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Window Film: An Energy Savings Superhero?

To the casual observer, energy efficiency means very little, that is until they see the cost savings associated with making tweaks to their homes and businesses.  According to a new report, one energy retrofit may be more efficient than the rest.

Who’s thought of installing window film on their windows lately?  Well, the International Window Film Association (IWFA) says you may want to move that up on the priority list.

In a study commissioned by the IWFA, and conducted by ConSol, the energy saving effect of installing window film was compared to several traditional energy saving techniques, such as updating HVAC systems, adding R-38 ceiling insulation, and air sealing and caulking.  The study took place in California and used the same variables the California Energy Commission uses in assessing energy savings.

The data shows that installing window film on new homes and businesses is not an attractive energy efficiency measure, as the windows are already using high performance glazing.  For example, the return on investment for window film installations in new office spaces is small, standing at 1%-3% per year.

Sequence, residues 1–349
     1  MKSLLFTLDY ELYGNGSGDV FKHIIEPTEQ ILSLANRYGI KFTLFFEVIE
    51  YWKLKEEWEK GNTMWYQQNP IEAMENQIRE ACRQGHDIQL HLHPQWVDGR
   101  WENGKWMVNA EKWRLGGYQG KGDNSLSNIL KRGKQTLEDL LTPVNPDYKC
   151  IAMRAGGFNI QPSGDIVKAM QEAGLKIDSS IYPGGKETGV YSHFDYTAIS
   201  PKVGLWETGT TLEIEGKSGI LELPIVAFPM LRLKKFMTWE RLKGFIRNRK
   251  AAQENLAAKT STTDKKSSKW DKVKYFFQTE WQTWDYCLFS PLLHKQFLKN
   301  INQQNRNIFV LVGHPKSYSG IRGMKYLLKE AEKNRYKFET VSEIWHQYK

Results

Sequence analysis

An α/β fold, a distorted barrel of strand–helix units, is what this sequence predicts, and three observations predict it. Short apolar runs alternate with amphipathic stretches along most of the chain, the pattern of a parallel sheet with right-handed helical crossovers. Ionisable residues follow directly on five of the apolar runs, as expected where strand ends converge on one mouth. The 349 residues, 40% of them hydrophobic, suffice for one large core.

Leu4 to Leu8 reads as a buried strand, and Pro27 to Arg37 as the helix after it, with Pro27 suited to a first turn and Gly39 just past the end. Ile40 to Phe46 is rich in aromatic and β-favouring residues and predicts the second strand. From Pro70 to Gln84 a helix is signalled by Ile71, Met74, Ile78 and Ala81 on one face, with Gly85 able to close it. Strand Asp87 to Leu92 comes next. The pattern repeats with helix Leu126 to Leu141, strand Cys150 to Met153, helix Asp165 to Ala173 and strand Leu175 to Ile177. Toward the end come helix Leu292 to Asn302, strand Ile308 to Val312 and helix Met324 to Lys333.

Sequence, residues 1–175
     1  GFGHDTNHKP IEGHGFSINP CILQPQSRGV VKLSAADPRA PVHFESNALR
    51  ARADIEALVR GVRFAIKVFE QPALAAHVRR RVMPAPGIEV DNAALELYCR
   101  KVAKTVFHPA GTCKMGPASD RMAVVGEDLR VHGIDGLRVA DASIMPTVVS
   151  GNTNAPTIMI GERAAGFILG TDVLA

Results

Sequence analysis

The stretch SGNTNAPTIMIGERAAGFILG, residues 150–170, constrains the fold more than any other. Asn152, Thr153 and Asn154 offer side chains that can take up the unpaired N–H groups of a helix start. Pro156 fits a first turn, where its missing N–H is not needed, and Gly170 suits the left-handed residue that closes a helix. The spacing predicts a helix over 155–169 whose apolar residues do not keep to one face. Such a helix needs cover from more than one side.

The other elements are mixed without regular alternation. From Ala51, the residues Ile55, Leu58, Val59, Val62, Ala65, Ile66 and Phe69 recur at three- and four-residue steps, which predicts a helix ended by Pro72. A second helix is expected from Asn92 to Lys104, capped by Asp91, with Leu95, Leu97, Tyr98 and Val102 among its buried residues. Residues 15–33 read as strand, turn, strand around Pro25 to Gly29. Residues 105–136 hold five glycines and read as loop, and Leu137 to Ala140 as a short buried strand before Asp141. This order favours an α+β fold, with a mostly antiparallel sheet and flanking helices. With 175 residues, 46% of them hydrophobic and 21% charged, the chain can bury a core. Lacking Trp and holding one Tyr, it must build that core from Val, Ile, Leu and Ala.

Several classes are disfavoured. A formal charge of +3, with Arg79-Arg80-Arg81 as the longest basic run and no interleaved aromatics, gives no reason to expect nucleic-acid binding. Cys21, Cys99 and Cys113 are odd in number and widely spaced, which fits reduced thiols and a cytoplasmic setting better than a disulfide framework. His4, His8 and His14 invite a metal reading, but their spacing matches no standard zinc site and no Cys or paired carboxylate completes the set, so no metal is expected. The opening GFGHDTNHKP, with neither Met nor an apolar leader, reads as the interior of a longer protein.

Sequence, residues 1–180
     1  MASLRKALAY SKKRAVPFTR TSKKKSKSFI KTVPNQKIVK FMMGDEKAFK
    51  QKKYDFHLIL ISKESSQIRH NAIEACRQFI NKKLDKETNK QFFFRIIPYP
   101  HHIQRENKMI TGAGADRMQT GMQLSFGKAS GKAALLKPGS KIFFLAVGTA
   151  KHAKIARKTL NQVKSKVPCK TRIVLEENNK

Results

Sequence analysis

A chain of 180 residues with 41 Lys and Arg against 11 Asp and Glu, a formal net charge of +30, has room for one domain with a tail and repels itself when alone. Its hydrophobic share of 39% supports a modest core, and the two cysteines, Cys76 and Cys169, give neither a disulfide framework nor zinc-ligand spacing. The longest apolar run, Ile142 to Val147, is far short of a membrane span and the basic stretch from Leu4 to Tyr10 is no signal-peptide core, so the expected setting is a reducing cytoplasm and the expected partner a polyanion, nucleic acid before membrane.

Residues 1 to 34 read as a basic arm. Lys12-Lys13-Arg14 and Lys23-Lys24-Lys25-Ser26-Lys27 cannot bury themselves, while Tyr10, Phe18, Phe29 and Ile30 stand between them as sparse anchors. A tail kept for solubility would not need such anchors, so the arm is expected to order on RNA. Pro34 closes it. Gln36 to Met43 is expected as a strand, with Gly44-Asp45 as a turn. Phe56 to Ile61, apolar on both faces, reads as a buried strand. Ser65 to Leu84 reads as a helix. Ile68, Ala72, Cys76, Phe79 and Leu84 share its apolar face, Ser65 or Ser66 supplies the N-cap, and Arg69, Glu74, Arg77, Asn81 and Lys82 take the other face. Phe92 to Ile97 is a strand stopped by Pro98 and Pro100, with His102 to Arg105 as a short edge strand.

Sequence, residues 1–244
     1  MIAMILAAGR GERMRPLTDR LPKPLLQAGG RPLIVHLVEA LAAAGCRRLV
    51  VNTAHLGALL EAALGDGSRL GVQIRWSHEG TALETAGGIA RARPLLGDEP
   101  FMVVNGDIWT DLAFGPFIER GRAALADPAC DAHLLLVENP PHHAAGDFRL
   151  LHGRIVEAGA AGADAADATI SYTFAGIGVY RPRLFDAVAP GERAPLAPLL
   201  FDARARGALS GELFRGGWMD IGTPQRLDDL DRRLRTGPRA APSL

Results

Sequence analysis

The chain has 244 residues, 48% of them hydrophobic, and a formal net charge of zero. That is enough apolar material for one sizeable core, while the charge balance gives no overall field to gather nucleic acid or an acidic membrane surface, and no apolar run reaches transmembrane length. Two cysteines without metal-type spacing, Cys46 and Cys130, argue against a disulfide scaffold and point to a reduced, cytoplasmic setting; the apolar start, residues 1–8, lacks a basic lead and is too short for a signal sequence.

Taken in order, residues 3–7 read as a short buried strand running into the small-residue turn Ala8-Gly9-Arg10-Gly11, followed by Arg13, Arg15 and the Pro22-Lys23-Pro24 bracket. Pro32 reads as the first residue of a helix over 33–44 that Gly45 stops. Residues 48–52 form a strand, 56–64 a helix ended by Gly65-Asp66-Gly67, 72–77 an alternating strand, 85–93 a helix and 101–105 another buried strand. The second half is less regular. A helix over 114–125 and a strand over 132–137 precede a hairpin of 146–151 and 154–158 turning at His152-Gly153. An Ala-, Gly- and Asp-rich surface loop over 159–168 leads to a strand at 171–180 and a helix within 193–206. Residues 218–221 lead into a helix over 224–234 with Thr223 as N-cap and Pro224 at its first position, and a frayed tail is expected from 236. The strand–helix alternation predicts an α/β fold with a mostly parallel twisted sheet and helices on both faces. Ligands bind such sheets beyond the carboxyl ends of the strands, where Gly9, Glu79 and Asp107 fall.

Although, the story changes completely when discussing older homes and buildings.  In this area, the savings per cost of adding film to windows out performed all other energy saving measures. 

Three differing regions of the California were studied.  In the mild climate of Oakland, the return on investment ranged between 6% and 37% — single pane existing windows have a 37% ROI, while double pane windows pay back at about 20% annually.

Meanwhile, the warmer climates of San Diego and Pasadena offered an even greater investment opportunity.  In San Diego, the ROI ranged from 16%-64%, with single pane windows paying back at an annual rate of 32%-64% and double pane windows paying at 20%-44%.  Pasadena saw the largest cost savings.  In this region, outfitting single pane windows with film represented a 34%-68% return on investment annually, while double pan windows represented a 20%-46% ROI.

Depending on the construction, location, and window film used, the study shows that installations will be paid off within two years.  There are several reasons for window film’s effectiveness as an energy efficient tool.  For example, it reduces solar heat gain, while letting in natural light without harsh glare and UV exposure; therefore, it reduces air conditioning costs and lighting bills.

There is no doubt that installing window film on older homes and buildings is a smart investment in warm or moderate climates (cold climates were not assessed).  However, the opportunity becomes even brighter if you live in California, says Mike Hodgson, president of ConSol:  “With over 70% of the buildings and homes in the California market having been constructed before 1980, window film has to be high on the list for every building retrofit project across the state.”